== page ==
Venous thromboembolism in cancer patients: something old and something new

Stefanie Mundnich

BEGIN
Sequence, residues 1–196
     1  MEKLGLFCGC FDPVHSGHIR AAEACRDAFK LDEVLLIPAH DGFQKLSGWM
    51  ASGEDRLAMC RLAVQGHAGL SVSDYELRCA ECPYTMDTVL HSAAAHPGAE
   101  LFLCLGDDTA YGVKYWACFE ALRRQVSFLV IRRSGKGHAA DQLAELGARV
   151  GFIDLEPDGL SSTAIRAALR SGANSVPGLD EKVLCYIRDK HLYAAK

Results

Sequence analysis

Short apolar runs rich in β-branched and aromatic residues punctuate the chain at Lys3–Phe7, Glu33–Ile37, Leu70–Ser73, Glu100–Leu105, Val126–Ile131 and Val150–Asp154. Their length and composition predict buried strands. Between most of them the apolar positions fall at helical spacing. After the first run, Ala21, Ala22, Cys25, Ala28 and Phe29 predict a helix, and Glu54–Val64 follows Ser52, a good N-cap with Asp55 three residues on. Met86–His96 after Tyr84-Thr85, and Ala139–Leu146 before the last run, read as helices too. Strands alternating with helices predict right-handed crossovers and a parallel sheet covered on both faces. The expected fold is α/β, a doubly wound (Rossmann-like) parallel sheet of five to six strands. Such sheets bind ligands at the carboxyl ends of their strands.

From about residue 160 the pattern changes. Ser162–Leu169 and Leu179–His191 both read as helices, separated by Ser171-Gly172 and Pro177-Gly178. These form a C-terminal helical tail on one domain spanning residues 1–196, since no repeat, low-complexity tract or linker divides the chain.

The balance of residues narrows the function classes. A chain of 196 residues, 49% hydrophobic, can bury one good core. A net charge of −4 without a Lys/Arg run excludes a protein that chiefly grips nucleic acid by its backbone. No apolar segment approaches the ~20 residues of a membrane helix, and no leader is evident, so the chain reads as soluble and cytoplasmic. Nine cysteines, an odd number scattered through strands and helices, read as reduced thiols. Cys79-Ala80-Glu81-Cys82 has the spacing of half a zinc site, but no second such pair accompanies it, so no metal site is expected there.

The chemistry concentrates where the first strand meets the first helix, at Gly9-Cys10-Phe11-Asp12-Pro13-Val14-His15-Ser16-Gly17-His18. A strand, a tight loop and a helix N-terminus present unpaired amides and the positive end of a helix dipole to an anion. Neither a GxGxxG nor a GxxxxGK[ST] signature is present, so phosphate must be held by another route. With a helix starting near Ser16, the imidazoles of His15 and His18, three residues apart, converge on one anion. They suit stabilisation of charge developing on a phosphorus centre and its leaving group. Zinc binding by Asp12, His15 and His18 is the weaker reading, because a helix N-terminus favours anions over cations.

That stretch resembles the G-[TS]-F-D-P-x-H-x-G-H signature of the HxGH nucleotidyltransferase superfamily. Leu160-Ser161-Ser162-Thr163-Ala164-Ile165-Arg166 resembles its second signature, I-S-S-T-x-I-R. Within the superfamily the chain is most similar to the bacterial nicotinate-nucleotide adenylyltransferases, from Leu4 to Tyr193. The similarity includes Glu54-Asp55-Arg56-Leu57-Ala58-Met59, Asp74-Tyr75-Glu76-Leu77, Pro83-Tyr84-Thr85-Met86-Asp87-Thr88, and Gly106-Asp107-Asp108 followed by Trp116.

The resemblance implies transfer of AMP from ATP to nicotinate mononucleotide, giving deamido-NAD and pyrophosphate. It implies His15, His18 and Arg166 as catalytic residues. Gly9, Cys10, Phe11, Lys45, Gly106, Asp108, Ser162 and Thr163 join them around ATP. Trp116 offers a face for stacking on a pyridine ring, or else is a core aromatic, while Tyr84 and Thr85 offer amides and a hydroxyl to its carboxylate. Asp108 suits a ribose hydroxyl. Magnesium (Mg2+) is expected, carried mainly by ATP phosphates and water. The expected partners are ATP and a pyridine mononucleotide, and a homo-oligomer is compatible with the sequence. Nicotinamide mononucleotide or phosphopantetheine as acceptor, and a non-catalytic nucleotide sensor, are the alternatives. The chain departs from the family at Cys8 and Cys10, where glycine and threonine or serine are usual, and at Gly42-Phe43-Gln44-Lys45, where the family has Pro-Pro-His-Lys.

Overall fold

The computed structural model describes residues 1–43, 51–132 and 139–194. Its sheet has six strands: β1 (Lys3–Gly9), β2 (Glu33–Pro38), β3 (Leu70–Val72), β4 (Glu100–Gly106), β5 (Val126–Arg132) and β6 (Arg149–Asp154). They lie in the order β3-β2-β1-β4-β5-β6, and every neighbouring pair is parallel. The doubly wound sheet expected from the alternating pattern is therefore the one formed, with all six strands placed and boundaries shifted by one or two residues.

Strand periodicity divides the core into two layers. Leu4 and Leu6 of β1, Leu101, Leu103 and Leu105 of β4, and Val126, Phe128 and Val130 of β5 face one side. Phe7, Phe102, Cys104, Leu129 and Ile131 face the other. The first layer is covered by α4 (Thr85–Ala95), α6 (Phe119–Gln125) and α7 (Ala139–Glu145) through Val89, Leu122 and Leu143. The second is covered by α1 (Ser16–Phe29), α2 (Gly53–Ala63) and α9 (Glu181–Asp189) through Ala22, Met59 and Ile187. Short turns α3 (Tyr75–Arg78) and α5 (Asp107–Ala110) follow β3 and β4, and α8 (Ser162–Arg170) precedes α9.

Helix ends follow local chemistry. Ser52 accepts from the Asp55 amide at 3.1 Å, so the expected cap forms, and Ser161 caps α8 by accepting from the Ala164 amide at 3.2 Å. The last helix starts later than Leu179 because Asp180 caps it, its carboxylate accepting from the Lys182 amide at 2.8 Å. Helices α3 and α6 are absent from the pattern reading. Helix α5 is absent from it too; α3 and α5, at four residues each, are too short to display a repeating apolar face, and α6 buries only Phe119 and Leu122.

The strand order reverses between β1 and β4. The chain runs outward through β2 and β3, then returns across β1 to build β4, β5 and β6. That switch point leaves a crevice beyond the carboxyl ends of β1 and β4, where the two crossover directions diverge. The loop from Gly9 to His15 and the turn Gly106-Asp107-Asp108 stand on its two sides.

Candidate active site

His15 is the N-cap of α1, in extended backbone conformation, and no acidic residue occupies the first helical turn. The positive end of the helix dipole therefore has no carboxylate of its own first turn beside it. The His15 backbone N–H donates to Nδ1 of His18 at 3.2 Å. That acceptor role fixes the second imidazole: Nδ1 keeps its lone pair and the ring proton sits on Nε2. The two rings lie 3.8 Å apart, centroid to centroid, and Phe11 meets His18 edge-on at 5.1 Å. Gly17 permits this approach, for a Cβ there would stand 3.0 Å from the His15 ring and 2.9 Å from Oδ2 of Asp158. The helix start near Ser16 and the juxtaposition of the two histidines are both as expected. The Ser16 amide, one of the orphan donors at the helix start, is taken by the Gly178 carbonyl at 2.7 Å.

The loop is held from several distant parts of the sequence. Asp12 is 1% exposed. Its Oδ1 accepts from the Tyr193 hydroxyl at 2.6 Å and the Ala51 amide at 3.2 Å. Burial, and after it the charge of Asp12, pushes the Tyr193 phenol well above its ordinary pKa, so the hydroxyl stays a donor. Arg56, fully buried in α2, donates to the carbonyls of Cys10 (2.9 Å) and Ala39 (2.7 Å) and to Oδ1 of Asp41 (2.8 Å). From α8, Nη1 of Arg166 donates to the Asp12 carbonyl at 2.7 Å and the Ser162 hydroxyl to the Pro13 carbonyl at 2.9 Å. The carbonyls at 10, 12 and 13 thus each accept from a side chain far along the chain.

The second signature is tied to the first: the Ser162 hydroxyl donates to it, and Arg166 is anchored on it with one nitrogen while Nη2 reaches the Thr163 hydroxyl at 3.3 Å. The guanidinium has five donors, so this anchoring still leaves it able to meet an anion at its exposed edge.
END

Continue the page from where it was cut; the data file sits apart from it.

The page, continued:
Venous thromboembolism (VTE) is a common and potentially fatal complication in oncologic patients. Due to a hypercoagulable state and reduced mobility, it is possible to find incidental pulmonary emboli on computed tomography. Patients with cancer may also develop complications of cancer treatments that further increase the risk of thrombotic events including surgical procedures; toxicity secondary to radiotherapy anti-angiogenic agents, hormonal therapyies, immunotherapy, and chemotherapy. Proper risk assessment and thromboprophylaxis could mitigate this hazard, however, up to this date, almost all VTE scores studied have a poor dismriminatory performance. The risk factors that all of the have in common are a high body mass index over 35 kg/m2 and pancreatic or gastric cancer.